The life insurance of self-managed super fund trustees who have opened APRA-regulated super funds to access this protection could be under threat, warns the SMSF Association.
Super funds with “inactive” accounts will have their life insurance switched off unless they specifically direct their fund otherwise – or reactivate their account – under new regulations expected to take effect from 1 July.
An inactive fund is one that has not received a contribution or rollover for 16 consecutive months.
SMSF Association chief executive John Maroney is concerned some SMSFs will lose their cover if they don't act quickly.
“This could have a devastating impact on policy holders or their beneficiaries, if their insurance cover is unknowingly terminated.
"Furthermore, it may be extremely difficult and costly to try and access insurance at a later stage," Maroney says.
The legislation is intended to protect inactive super fund members from having their retirement savings eroded by fees and premiums for default insurance, or paying for insurance cover they don't know about.
Maroney says affected SMSFs who wish to maintain their cover should do two things before 1 July 2019:
1. Give direction to their APRA-regulated fund that they wish to opt into life insurance; or 2. Make a contribution or a rollover into the APRA-regulated fund to reactivate it.
Trustees using the second option should still "opt-in" with their fund, Maroney says. APRA-regulated funds had until 1 April to identify members who have been continuously inactive for six months or more, and by 1 May had to inform them that they will lose their life insurance cover unless they opt in.
The Australian Securities and Investments Commission warned super fund trustees in April of the need to "implement the changes in a timely manner" and "communicate responsibly – their communications need to help their members".
"It is not appropriate for trustees to encourage all members to maintain insurance – many members with inactive accounts will be better off allowing the insurance to lapse," ASIC Commissioner Danielle Press said.
"Similarly, trustees should not be urging all members with low-balance accounts to keep their account within the fund as this may not be in the best interests of members."
The new rules stemmed from the Treasury Laws Amendment (Protecting Your Superannuation Package) Bill.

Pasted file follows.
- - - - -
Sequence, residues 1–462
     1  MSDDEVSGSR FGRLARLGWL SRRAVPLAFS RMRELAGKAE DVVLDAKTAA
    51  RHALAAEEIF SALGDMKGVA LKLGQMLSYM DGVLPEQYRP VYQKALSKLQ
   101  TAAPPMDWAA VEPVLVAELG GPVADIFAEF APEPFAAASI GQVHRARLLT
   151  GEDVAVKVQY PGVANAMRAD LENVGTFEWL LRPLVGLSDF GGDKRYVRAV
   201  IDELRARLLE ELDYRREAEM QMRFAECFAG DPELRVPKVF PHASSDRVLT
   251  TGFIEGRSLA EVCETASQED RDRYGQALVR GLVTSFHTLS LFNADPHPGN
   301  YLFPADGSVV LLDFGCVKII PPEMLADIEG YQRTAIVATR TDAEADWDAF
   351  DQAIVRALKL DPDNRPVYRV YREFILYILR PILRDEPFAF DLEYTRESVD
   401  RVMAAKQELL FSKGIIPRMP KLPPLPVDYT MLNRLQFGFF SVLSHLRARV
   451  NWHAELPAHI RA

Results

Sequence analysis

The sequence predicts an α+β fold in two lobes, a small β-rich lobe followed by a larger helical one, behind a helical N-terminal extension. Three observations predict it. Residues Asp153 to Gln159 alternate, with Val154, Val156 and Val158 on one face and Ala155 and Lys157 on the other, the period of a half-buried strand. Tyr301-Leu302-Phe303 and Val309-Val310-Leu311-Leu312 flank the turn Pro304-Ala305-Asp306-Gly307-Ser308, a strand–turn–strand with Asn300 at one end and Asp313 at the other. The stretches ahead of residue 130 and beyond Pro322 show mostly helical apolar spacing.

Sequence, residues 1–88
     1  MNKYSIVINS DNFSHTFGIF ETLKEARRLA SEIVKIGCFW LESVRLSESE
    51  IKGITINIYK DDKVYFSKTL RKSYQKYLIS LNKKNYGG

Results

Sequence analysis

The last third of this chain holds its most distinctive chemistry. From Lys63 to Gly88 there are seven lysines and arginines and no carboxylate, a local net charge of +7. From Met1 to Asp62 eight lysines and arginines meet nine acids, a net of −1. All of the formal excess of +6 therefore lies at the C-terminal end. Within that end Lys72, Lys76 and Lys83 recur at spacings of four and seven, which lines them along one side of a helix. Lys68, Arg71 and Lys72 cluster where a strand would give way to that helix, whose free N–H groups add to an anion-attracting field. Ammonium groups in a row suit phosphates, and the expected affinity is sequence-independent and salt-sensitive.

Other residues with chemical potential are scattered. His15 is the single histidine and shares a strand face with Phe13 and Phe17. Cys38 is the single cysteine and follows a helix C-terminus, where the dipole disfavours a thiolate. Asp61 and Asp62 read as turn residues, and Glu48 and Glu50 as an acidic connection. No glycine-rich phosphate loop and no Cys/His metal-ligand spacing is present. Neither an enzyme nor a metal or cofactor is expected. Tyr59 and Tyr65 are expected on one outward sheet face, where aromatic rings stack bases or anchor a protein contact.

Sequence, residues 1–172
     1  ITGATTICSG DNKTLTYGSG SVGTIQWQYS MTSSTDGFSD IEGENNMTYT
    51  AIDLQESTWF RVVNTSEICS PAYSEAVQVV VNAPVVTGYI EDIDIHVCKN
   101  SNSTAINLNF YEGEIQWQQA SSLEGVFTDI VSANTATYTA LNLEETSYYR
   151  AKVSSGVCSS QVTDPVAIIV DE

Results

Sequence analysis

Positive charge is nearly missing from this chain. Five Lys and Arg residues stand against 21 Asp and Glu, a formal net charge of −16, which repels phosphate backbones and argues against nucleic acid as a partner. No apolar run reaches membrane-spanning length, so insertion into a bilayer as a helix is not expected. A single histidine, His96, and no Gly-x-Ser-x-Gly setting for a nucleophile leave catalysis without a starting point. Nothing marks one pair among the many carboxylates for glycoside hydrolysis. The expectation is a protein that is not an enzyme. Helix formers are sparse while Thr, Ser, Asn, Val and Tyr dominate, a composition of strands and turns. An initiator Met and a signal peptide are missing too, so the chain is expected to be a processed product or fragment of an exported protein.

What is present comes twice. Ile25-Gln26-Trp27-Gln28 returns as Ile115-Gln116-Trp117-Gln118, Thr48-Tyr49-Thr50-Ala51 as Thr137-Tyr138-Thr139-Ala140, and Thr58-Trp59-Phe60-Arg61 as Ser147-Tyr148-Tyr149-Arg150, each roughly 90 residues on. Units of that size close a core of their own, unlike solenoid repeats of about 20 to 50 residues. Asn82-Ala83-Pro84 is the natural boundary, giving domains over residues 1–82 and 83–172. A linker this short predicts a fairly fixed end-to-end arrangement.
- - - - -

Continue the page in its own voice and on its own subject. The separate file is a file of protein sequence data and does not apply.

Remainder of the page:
Passed earlier this year, the bill introduced a number of initiatives to protect super savings from fee erosion, including putting a 3 per cent annual cap of administration and investment fees for funds classified as low balance – those with less than $6,000 – and banning all exit fees.
The bill also allows the Commissioner of Taxation to consolidate low or inactive superannuation balances, of which there were around 9.5 million in 2015-2016.
Funds with inactive, low balances will be transferred to the Australian Taxation Office, which will then match them to a member’s active account.
Every Australian who holds an account deemed inactive will be swept up in the new rules, not just SMSFs, says Fox and Hare financial adviser Jessica Brady.
The ATO estimates that more than 15.6 million Australians had a super fund account as at 30 June 2018 – and approximately 39 per cent have more than one account, on which they could be paying premiums on multiple insurance policies.
Some 70 per cent of Australians have some form of life insurance attached to their super fund, the Association of Superannuation Funds of Australia estimates.
Jeremy Cooper's 2009 Super System Review found that less than 13 per cent of SMSFs held life insurance.
Adviser Jessica Brady urges members to read the correspondence from their fund, understand what super and insurance coverage they have, and determine what insurance they need.
She also encourages members with multiple super accounts to consider consolidating their accounts.
Most superannuation funds offer members three different types of insurance through their membership:
death covertotal permanent and disability coverincome protection cover.
Insurance within superannuation is paid for with pre-tax dollars. Other benefits of this approach, according to ASIC, include affordability, ease of access, and insurance without health checks.
Potential drawbacks include limited cover, issues around multiple accounts with multiple insurance policies, and slower payouts in the event of claims.
By Emma Rapaport - Emma Rapaport is a reporter for Morningstar.com.au
12 June 2019